Do you have fond childhood objects that make you nostalgic just thinking about your favorite Barbie or sequenced purse? Well for me, its my navy Crocs. Those shoes put me through elementary school. I eventually wore them out so much that I had to say goodbye. I tried Airwalks and sandals, but nothing compared. Then on my senior trip in New York City, a four story Crocs store gleamed at me from across the street and I bought another pair of Navy Blue Crocs. The rest is history. I wear them every morning to the lake for practice and then throughout the day to help air out my soaking feet. I love my Crocs so much, that I was in shock when it became apparent to me that people don't feel the same. Here are nine reasons why you should just throw out all of your other shoes and settle on Crocs.

1. They are waterproof.

These bad boys can take on the wettest of water. Nobody is sure what they are made of, though. The debate is still out there on foam vs. rubber. You can wear these bad boys any place water may or may not be: to the lake for practice or to the club where all the thirsty boys are. But honestly who cares because they're buoyant and water proof. Raise the roof.

2. Your most reliable support system

There is a reason nurses and swimming instructors alike swear by Crocs. Comfort. Croc's clogs will make you feel like your are walking on a cloud of Laffy Taffy. They are wide enough that your toes are not squished, and the rubbery material forms perfectly around your foot. Added bonus: The holes let in a nice breeze while riding around on your Razor Scooter.

3. Insane durability

Have you ever been so angry you could throw a Croc 'cause same? Have you ever had a Croc bitten while wrestling a great white shark? Me too. Have you ever had your entire foot rolled like a fruit roll up but had your Crocs still intact? Also me. All I know is that Seal Team 6 may or may not have worn these shoes to find and kill Osama Bin Laden. Just sayin'.

4. Bling, bling, bling

Jibbitz, am I right?! These are basically they're own money in the industry of comfortable footwear. From Spongebob to Christmas to your favorite fossil, Jibbitz has it all. There's nothing more swag-tastic than pimped out crocs. Lady. Killer.

5. So many options

From the classic clog to fashionable sneakers, Crocs offer so many options that are just too good to pass up on. They have fur lined boots, wedges, sandals, loafers, Maryjane's, glow in the dark, Minion themed, and best of all, CAMO! Where did your feet go?!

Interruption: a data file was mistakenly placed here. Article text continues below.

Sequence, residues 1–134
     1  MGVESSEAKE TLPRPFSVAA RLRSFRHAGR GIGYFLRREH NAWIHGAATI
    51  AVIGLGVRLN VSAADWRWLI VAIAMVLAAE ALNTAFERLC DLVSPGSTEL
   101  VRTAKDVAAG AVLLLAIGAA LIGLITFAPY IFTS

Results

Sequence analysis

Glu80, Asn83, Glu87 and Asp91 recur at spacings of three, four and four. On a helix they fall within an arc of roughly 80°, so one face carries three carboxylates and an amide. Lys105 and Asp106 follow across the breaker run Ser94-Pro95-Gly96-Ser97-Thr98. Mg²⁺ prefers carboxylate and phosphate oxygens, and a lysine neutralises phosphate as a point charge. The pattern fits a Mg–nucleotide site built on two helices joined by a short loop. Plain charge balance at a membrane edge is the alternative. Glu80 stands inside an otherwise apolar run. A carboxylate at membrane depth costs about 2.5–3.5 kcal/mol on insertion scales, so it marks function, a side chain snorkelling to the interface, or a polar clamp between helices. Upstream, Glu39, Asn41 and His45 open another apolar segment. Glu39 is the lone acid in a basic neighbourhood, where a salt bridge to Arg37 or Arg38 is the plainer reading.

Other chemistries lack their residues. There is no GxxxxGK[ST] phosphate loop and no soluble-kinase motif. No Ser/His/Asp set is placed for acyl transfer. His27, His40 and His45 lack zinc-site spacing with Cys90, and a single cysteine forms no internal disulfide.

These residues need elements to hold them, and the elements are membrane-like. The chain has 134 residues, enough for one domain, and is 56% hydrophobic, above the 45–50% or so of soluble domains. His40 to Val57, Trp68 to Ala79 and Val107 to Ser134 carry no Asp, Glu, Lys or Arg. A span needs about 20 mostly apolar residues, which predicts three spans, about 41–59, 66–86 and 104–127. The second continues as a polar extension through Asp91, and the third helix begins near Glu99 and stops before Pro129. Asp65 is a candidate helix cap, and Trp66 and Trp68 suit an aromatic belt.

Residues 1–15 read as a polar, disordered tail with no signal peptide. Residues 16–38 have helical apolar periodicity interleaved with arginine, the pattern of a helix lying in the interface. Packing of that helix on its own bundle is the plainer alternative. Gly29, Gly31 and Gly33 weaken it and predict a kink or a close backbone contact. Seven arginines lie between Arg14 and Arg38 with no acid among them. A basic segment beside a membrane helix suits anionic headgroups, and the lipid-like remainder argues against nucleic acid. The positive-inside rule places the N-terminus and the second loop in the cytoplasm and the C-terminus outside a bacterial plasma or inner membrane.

6. Affordable

Crocs: $30

Feeling like a boss: Priceless

7. Two words: Adventure Straps

Because you know that when you move the strap from casual mode chillin' in the front to behind the heal, it's like using a shell on Mario Cart.

8. Crocs cares

Okay, but for real, Crocs is a great company because they have donated over 3 million pairs of crocs to people in need around the world. Move over Toms, the Croc is in the house.

9. Stylish AF

The boys will be coming for you like Steve Irwin.

Who cares what the haters say, right? Wear with pride, and go forth in style.

Cover Image Credit: Chicago Tribune

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From One Nerd To Another

My contemplation of the complexities between different forms of art.


Aside from reading Guy Harrison's guide to eliminating scientific ignorance called, "At Least Know This: Essential Science to Enhance Your Life" and, "The Breakthrough: Immunotherapy and the Race to Cure Cancer" by Charles Graeber, an informative and emotional historical account explaining the potential use of our own immune systems to cure cancer, I read articles and worked on my own writing in order to keep learning while enjoying my winter break back in December. I also took a trip to the Guggenheim Museum.

I wish I was artistic. Generally, I walk through museums in awe of what artists can do. The colors and dainty details simultaneously inspire me and remind me of what little talent I posses holding a paintbrush. Walking through the Guggenheim was no exception. Most of the pieces are done by Hilma af Klint, a 20th-century Swedish artist expressing her beliefs and curiosity about the universe through her abstract painting. I was mostly at the exhibit to appease my mom (a K - 8th-grade art teacher), but as we continued to look at each piece and read their descriptions, I slowly began to appreciate them and their underlying meanings.

I like writing that integrates symbols, double meanings, and metaphors into its message because I think that the best works of art are the ones that have to be sought after. If the writer simply tells you exactly what they were thinking and how their words should be interpreted, there's no room for imagination. An unpopular opinion in high school was that reading "The Scarlet Letter" by Nathaniel Hawthorne was fun. Well, I thought it was. At the beginning of the book, there's a scene where Hawthorne describes a wild rosebush that sits just outside of the community prison. As you read, you are free to decide whether it's an image of morality, the last taste of freedom and natural beauty for criminals walking toward their doom, or a symbol of the relationship between the Puritans with their prison-like expectations and Hester, the main character, who blossoms into herself throughout the novel. Whichever one you think it is doesn't matter, the point is that the rosebush can symbolize whatever you want it to. It's the same with paintings - they can be interpreted however you want them to be.

As we walked through the building, its spiral design leading us further and further upwards, we were able to catch glimpses of af Klint's life through the strokes of her brush. My favorite of her collections was one titled, "Evolution." As a science nerd myself, the idea that the story of our existence was being incorporated into art intrigued me. One piece represented the eras of geological time through her use of spirals and snails colored abstractly. She clued you into the story she was telling by using different colors and tones to represent different periods. It felt like reading "The Scarlet Letter" and my biology textbook at the same time. Maybe that sounds like the worst thing ever, but to me it was heaven. Art isn't just art and science isn't just science. Aspects of different studies coexist and join together to form something amazing that will speak to even the most untalented patron walking through the museum halls.